The first thing that came to mind was that I might have been uncomfortable because it felt like he was somehow testing me. I don’t know if that falls under the category of “mansplaining” or what, but it’s definitely like a white man thing where they talk to you as though you have to prove yourselves to them. Like he wanted to see if I knew how tarot “really” worked. But on reflection, it seemed more like he was curious, and he wanted to share his own theories, and I think he was genuinely trying to make it a conversation, not a debate or a graded performance.
The breakthrough moment was when I realized that I was uncomfortable because I still felt that I’d failed. I was the one who was seeing this as a graded performance, and I was disappointed with how I’d articulated my thoughts. I had shared some of the metaphysical philosophy I’d been exploring lately and what it would imply for tarot, but I hadn’t yet ironed out all the details or put it together into a philosophical “argument”. So when I was trying to explain my thoughts, there were of course a lot of questions that I didn’t have the answer to. And when I don’t have the answer to something, I get defensive.
I felt like the only reason I thought my ideas might “work” was because I didn’t understand my own theories and all the holes they must inevitably have, and at some point he would point out the fatal flaw, and then I’d be embarrassed that I’d even thought to consider something outside of the cultural norm of understanding.
I think it’s pretty clear that’s on me, not him. And I can see where I’m expecting myself to be perfect. But I’ve shared ideas I haven’t ironed out with other people, even other strangers, and I didn’t have this level of anxiety. It still felt like there was something about him in particular that brought that anxiety over being too wrong or too weird out of me.
And I know what it was. He had a solid theory based on psychology and history that he felt was substantial enough to explain everything about tarot–and frankly, he’s the person I’ve been striving to be. Someone who has it all figured out. But now that I’d actually met that person in real life, I was disgusted with myself. That is not who I want to be. I don’t want to have it all figured out, because I don’t want to be someone that makes people feel like they can’t be weird. I don’t want to be someone that doesn’t explore new things or new theories. I don’t want to be so attached to my current theories that I turn every conversation back to my own theories, or poking holes in others’ approaches, instead of adopting a new viewpoint (if only for the duration of the conversation).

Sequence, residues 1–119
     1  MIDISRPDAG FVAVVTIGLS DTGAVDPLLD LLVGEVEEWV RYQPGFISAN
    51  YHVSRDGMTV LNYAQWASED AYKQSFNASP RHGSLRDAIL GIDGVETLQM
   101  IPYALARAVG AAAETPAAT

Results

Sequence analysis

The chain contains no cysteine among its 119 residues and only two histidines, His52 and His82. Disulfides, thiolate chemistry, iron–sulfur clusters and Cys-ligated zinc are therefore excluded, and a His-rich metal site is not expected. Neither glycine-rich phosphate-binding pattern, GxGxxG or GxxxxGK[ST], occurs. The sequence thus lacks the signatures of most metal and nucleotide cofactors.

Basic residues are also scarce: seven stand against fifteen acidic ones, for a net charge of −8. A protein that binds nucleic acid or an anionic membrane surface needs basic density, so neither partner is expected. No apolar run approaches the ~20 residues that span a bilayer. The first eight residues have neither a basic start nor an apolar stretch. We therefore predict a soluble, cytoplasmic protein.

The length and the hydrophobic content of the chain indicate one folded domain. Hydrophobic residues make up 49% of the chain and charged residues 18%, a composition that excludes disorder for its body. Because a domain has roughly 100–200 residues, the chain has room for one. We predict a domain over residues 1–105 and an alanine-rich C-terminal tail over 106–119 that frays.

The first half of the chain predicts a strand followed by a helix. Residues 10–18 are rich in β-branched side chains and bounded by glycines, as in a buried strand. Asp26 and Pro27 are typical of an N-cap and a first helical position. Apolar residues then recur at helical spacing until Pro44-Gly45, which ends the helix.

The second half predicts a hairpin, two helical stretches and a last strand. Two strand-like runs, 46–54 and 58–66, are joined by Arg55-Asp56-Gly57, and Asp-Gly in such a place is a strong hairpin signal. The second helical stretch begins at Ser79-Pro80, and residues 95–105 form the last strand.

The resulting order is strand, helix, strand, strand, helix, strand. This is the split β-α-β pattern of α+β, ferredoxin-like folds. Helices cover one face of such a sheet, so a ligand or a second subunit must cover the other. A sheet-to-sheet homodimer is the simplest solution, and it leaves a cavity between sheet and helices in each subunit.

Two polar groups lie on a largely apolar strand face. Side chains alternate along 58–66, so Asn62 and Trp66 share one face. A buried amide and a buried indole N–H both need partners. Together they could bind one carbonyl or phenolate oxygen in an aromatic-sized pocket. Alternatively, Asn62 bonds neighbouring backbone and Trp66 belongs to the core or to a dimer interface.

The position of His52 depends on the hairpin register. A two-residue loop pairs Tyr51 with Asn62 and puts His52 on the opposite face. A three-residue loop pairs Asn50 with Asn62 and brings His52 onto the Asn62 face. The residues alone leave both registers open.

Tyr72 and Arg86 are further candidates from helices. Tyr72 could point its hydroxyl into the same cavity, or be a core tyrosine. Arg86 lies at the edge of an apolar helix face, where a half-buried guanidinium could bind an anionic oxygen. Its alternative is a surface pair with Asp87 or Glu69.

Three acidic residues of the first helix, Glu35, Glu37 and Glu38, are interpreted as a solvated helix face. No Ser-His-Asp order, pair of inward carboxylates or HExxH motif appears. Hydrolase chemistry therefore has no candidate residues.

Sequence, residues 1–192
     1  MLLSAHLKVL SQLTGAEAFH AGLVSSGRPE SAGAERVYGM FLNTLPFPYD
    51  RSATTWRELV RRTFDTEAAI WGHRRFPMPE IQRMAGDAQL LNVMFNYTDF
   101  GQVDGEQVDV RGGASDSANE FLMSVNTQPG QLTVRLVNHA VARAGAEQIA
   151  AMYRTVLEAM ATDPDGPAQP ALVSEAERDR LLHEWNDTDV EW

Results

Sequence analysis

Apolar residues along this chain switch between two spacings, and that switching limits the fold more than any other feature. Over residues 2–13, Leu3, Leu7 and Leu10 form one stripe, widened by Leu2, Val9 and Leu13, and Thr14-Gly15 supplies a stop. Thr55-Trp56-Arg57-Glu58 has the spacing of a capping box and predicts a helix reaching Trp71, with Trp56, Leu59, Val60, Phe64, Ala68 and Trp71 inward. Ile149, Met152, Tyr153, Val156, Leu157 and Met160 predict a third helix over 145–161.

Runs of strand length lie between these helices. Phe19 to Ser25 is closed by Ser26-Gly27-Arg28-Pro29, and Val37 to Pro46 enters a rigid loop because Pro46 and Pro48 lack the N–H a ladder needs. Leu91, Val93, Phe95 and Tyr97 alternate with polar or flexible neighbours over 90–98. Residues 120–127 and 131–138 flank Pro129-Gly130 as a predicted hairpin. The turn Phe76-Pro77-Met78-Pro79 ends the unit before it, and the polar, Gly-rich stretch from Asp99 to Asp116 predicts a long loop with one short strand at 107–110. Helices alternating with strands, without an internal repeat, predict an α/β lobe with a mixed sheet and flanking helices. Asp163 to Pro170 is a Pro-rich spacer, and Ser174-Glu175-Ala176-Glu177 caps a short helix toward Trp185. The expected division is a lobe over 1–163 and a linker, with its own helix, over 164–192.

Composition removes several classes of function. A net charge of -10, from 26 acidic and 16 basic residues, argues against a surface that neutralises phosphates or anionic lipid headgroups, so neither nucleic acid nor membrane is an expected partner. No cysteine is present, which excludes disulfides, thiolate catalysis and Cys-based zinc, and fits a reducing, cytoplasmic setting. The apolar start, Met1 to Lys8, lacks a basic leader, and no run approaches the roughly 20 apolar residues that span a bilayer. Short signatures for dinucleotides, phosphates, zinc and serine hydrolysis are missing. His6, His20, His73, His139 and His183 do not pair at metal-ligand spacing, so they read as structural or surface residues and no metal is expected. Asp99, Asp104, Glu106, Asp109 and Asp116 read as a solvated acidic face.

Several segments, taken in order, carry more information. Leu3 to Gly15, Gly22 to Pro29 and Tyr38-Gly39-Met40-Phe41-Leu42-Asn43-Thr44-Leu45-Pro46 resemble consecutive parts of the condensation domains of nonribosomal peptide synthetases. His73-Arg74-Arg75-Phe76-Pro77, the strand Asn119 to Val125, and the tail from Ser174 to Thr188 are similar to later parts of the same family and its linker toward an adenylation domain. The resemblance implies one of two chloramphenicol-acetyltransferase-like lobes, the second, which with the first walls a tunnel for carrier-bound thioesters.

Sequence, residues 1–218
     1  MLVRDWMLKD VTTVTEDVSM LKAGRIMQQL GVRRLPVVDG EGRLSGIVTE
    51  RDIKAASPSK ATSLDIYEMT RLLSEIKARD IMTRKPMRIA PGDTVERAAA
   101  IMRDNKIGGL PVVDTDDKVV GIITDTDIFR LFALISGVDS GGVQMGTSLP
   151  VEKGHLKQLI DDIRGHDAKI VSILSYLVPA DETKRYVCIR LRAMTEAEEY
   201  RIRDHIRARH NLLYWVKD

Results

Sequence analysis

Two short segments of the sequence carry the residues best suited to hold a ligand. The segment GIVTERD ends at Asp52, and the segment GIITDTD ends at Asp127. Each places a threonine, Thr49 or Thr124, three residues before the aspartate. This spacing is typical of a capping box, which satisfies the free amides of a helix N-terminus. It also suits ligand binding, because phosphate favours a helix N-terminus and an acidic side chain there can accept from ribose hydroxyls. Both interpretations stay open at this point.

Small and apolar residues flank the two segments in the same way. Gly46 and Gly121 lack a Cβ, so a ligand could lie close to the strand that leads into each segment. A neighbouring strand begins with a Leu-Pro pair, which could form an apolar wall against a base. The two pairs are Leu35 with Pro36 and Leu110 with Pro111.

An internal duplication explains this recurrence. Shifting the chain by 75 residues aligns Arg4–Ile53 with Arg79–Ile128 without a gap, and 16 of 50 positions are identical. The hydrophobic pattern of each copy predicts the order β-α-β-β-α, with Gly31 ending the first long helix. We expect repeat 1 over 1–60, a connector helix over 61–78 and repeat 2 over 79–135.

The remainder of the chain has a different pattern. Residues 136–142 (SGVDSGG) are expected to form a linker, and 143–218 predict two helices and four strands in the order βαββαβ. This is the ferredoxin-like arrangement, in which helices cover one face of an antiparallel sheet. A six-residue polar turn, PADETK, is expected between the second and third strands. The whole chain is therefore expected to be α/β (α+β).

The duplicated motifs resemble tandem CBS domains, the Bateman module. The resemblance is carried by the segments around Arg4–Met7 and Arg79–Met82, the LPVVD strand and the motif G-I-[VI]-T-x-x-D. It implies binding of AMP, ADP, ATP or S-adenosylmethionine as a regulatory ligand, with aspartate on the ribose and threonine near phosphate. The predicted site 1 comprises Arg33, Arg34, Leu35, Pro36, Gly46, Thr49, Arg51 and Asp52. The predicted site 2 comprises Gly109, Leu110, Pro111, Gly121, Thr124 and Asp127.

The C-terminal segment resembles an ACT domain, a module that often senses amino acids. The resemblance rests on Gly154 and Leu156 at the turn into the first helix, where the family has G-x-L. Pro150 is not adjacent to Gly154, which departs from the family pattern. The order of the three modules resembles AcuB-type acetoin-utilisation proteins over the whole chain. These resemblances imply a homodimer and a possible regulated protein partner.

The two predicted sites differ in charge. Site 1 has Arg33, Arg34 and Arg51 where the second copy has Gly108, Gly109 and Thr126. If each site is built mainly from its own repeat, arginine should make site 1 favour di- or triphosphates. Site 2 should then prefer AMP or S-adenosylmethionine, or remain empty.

I want stability and intellectual assurance, I want to be credible, I want to have sources and I want everything to meet my standards. I don’t want to engage in mysticism. But fuck, is that what it actually looks like?
I don’t know what the right balance is between mysticism and intellectualism, art and science, whatever other perceived dichotomies there are that separate me from my willingness to do witchcraft and astrology and tarot. But I do know that my current tendency, the one where I’m maneuvering myself into the position of intellectual authority (Capricorn rising?), is not taking me in the right direction. I guess I’m kinda glad for that interaction, being able to see my shadow in that person, because it’s helped me realign.
And for that person–I hope his approach to everything is working for him. I really, genuinely do!
Image from “A Sword was Seen in the Sky”: A True and Wonderful Narrative (1763). https://archive.org/details/truewonderfulnar00unse